Grad Student Spotlight: Marina Segatti (Feminist Studies)

February 15, 2024

Hi Marina! To start, please give us a general overview of your dissertation project and current research. 

My doctoral research focuses on exploring the strategies employed by Brazilian feminists, queer and trans politicians, and activists through social media platforms. I aim to understand how they have responded to the challenges posed by social and political exclusion and the escalating violence within prevailing authoritarianism and anti-gender campaigns. More specifically, I pay close attention to how language and practice overlap and subvert norms of gender and sexuality upheld by neoconservatism. I explore the innovative ways activists and politicians craft memes, develop hashtags, and create new lexicons, among other strategies, employing language as a potent instrument to forge new political meaning and counter disinformation.

In my dissertation, I analyze four distinct case studies of significant political events that unfolded in Brazil from 2013 to 2023. My analysis sheds light on the rise of the far right within Brazil's unique historical, social, and political landscape, focusing on how the advent of digital politics and the gender dynamics surrounding the removal of Brazil's first female president has played a critical role. Additionally, I examine the impact of Marielle Franco, a Black and queer politician who has become a national and transnational symbol of the struggle against social inequalities, especially gender, race, and class. The work of the #EleNão Movement also forms a core part of my study, where I scrutinize its various coalitional strategies for garnering support, increasing awareness, and countering the far-right's advance. Lastly, my research extends to the political engagement of Brazilian Black trans women and travestis, highlighting how three Afro-Brazilian travesti have forged political candidacies that go against the dominant political logic.

You have been doing fieldwork in Brazil for the past two years; what has been the most challenging aspect of completing your fieldwork? What about the most rewarding? 

For 2021 to 2023, supported by the Wenner-Gren Foundation, the FMST Department, the Dolores Huerta Research Center for the Americas, and The Humanities Institute, I conducted fieldwork for my project amidst Brazil's volatile political landscape under Bolsonaro's administration, which was characterized by its overt hostility towards queer and trans communities. Significant challenges, violence, and sadness marked four years of Bolsonaro's government amidst the COVID-19 pandemic. Despite Brazil's history of profound inequality, shaped by centuries of slavery and exploitation, the Bolsonaro administration deliberately exacerbated these disparities. The most challenging aspect of my fieldwork was navigating the heightened political unrest and polarization atmosphere, coupled with widespread desolation and hardship.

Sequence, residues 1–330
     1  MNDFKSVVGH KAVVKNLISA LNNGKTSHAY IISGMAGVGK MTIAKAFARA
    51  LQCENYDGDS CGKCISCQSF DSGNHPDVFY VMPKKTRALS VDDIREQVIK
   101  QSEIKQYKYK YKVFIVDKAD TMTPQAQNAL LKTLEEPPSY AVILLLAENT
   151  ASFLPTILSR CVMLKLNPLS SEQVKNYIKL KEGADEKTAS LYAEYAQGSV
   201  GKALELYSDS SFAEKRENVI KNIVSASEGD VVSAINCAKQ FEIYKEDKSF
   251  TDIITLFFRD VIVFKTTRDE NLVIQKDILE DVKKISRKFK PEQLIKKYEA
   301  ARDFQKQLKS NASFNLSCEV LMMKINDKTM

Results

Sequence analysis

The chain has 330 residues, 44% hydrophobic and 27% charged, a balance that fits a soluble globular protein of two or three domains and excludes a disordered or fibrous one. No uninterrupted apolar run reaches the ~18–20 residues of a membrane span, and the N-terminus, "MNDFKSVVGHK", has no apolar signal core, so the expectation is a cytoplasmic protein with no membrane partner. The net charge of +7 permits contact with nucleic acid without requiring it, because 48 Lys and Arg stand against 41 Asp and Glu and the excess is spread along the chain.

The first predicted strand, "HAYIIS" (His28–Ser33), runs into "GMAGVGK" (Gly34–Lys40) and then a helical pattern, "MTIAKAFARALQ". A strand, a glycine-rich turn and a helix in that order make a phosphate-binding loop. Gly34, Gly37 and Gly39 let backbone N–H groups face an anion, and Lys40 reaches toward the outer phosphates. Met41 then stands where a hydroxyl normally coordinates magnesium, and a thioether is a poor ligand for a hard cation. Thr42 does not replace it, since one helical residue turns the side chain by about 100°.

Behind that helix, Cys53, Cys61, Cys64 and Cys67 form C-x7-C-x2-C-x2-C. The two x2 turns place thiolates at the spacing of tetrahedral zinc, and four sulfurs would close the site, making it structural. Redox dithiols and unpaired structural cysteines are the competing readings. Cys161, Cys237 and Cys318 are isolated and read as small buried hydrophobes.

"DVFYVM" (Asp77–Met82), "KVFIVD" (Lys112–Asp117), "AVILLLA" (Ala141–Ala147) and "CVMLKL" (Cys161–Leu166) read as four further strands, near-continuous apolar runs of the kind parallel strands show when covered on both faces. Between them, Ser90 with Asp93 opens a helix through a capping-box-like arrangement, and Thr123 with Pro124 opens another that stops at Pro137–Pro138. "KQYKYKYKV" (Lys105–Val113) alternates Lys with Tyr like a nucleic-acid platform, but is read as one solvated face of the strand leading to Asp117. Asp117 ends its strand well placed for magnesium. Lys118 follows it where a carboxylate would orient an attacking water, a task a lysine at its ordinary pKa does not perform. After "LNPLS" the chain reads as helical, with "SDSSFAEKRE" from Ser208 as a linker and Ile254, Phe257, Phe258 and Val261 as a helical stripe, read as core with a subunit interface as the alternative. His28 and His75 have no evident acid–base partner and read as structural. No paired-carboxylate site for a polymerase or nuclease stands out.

On the other hand, being in Brazil during the presidential runoff and election in 2022 served to rekindle hope. Participating in the intensity of protests and marches advocating for Luiz Inácio Lula da Silva's (Lula) victory against a backdrop of disinformation, political machinery, and corruption leveraged by Bolsonaro highlighted the critical importance of the election. It has been inspiring to be part of the incredible strength, creativity, and solidarity of queer and trans activists. Being in conversation with so many people on the ground provided invaluable insights and perspectives, enriching my understanding of the complex dynamics at play and complementing the research I had conducted on social media. 

What was it like being in Brazil for Lula's win?

The inauguration day was special. Although the atmosphere was of vigilance, as mobilizations by the most radical wing of Bolsonarism were being articulated, with the threat of a coup hanging over Brazil, there was a lot of joy and excitement. It was a day filled with political rituals and a music festival, reflecting the vibrant culture of Brazil. In the presidential inauguration tradition, the former president transfers the presidential sash to the new officeholder. Bolsonaro left the country on December 30th before ending his mandate as an act of "protest." Although the ritual of giving the sash is merely symbolic and has no impact on the transition of power or legal implications, the uncertainty of what would happen led to many expectations and speculation. Lula and his partner Rosângela Lula da Silva, known as Janja, walked up the ramp of the Palácio do Planalto (the Government's headquarters) alongside several other guests, all members of the civil society: notorious Indigenous Chief Raoni Metuktire, the garbage collector Aline Souza, the metal worker Weslley Rodrigues, the ten years old and swim competitor Francisco Silva, the professor Murilo de Quadros Jesus, the cook Jucimara Fausto dos Santos, the craftsperson Flávio Pereira and the militant Ivan Baron, a reference in the disability rights struggle, who is a young man who had cerebral palsy caused by meningitis in childhood. The act symbolized Lula receiving the presidential sash from the hands of representatives of the diversity of the Brazilian people: Black and indigenous people, people from various regions of the country, people from the LGBTQIA+ community, children and adults, working-class people, and people with disability. It is significant to note that those people had been previously framed as internal enemies during Bolsonaro's government. Bolsonaro's government was a direct and often violent attack on the plurality and diversity of the Brazilian people. That was a symbolic moment that sparked tears of hope and joy. Now, whether Lula will fulfill his promise remains to be seen.